It's impossible to talk about the history of fashion without heavily referencing the iconic Antwerp Six, a young design collective that changed the face of commercial fashion way back in the mid-1980s. These young pioneers were followed a few years later by one of fashion's most elusive vanguards; Martin Margiela established his 'Maison' in 1989 and went on to redefine minimalism and logo culture. His critically-acclaimed collections never featured labels; instead, every piece was hand-finished with four plain white stitches in the place the label should have been. His intimate shows were amongst the first to evoke tears from a crowd of hard-nosed fashion editors, and key pieces such as his 'Tabi' boots toed the line (quite literally) between commercial and experimental, forcing the rest of fashion to catch up. Finally, in 1995, Raf Simons was first introduced to the fashion world as a little-known designer with a new menswear brand focussed around youth culture. Back then, few could have predicted that the designer sending pale, skinny street-cast skateboarders down the runway would become one of the most powerful men in fashion, eventually being chosen as Creative Director of Christian Dior. These designers all have one thing in common; they all studied at the prestigious Royal Academy of Fine Arts in Antwerp, a school which defines Antwerp as a city at the top of any fashion lover's bucket list. I was recently lucky enough to spend a weekend in Antwerp and, between visits to Dries van Noten's flagship store and swigs of Belgian beer, visit the city's ModeMuseum.
Located on Nationalestraat, the city's main shopping area, the ModeMuseum is an impressive building which comes complete with its own specialist fashion bookshop. Tickets to the 'Birds of Paradise' exhibition were extremely reasonable (only £3 for a student ticket), and the exhibition is a comprehensive insight into the rarely-seen work of plumassiers. 'Birds of Paradise' is, first and foremost, a collaborative exhibition. Divided into twenty sections, the history of feathers in fashion is narrated with pieces loaned from Maison LeMarié, the French couture house behind some of the most spectacular pieces in fashion history. The opening piece is taken from Thierry Mugler's Spring/Summer 1997 Couture collection, and literally depicts 'une femme papillon' - as opposed to the feathers being added for decoration, the exotic plumage appears to be an extension of the woman herself. Originally worn by Simonetta Gianfelici, the dress is an example of the popular 'Femme Oiseau' image conjured up during the era of Romanticism, with the feathers symbolising lightness and innocence.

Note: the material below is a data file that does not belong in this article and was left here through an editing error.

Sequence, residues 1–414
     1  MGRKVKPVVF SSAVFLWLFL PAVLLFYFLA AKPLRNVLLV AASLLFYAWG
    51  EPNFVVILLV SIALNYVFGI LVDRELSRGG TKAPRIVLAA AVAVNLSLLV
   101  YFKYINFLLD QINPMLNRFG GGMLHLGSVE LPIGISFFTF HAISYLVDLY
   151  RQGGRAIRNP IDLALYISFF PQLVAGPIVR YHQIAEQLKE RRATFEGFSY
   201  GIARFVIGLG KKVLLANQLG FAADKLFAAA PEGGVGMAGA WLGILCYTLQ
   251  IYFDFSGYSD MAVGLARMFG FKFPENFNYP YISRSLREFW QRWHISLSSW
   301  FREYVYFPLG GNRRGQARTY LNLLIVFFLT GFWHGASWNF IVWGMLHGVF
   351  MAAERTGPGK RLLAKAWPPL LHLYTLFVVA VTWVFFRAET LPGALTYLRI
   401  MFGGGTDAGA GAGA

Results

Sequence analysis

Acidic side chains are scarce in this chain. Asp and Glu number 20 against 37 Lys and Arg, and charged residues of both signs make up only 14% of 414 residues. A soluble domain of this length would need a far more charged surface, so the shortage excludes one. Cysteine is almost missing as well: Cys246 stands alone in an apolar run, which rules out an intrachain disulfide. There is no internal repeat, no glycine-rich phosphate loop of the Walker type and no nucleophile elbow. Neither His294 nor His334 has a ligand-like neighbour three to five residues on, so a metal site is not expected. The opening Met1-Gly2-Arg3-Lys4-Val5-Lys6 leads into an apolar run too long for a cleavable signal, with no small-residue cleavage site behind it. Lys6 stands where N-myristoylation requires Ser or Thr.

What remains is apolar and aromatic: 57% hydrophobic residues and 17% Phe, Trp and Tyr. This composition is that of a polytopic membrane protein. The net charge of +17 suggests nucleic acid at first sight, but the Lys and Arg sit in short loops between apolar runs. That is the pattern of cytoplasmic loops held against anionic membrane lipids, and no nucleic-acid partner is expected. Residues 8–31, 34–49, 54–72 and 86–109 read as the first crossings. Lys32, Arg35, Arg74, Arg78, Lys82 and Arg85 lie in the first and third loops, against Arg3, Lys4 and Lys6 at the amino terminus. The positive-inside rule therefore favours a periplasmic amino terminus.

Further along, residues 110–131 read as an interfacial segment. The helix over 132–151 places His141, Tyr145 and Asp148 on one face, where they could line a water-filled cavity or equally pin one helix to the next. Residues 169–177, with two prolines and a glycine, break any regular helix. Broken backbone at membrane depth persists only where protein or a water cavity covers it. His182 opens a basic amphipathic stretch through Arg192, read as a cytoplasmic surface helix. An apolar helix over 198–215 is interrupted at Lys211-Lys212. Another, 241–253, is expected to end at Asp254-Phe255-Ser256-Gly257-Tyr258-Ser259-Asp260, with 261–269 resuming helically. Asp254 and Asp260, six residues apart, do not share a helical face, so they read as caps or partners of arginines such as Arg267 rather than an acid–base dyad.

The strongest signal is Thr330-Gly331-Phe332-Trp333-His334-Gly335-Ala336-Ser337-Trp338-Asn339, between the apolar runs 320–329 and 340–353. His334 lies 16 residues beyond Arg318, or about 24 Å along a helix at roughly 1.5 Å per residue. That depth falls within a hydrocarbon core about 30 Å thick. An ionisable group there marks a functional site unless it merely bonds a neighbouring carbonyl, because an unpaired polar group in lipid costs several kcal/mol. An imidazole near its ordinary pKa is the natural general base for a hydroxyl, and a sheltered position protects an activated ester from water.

|Thierry Mugler Haute Couture|
It wasn't just fashion; the exhibition was multi-media, teaming photographs by Irving Penn with ShowSTUDIO fashion films & gigantic feather sculptures by English artist Kate MccGwire. However, the clothes were the real stars of the show - legendary creations from Alexander McQueen, Yves Saint Laurent and Coco Chanel were all on display, and the connotations behind the use of feathers were explained. Some designers chose to use feathers which were extremely cheap to buy, such as pigeon and rooster feathers which would later be dyed or hand-painted. Belgian designer Ann Demeulemeester was particularly fond of pigeon feathers to the extent that she would wear a feather on a necklace every day, an element that she included in every collection. In a quote included in the exhibition guide, she described a pigeon feather as " poetry of the mundane, a form of perfection that is to be found on the street by everyone".
|Pigeon feather waistcoat, Ann Demeulemeester|
At the other end of the spectrum was a piece taken from the archive of the iconic German actress Marlene Dietrich. Renowned as a fashion icon, Dietrich is said to have treated every piece of her clothing as a work of art, and was known to be particularly meticulous when working with designers. Proof of this fact comes in the form of a full-length white coat made from the feathers of over 300 swans, worn over an evening gown made with 227,000 rhinestones. Swan and goose feathers were (and still are) considered the epitome of luxury, frequently used in haute couture. The 'White & Black Swan' display featured two centrepieces both designed by McQueen - on the one side, there is the ethereal white feather dress designed by Sarah Burton for the first collection after McQueen's death. Here, a white bodice is adorned with goose feathers and teamed with a full ostrich feather skirt - a look said to symbolise purity and romance. This is in stark contrast to the menacing black feather dress that stands just next to, designed by Alexander as a direct reference to his love of crows. Known for his dark fascinations with the macabre, the dress served as one of the showpieces in his 2009 'Horn of Plenty' collection. Thousands of dyed black goose feathers were moulded into a corset which extended and crept over the model's head and face - speaking on his inspirations, McQueen stated that it was always his intention to 'transpose the beauty of a bird to women'. This statement is the one which best summarises this incredible exhibition, focussed entirely around the delicate balance between beauty and nature.
|Goose feather dress, Alexander McQueen A/W 2009|
|Ostrich & Goose feather dress, Sarah Burton for Alexander McQueen S/S 2011|
|Swan feather coat, worn by Marlene Dietrich|
|Raf Simons for Christian Dior Haute Couture, A/W 2013|
|Silk crepe cape trimmed with rooster feathers, Chanel Haute Couture 1925|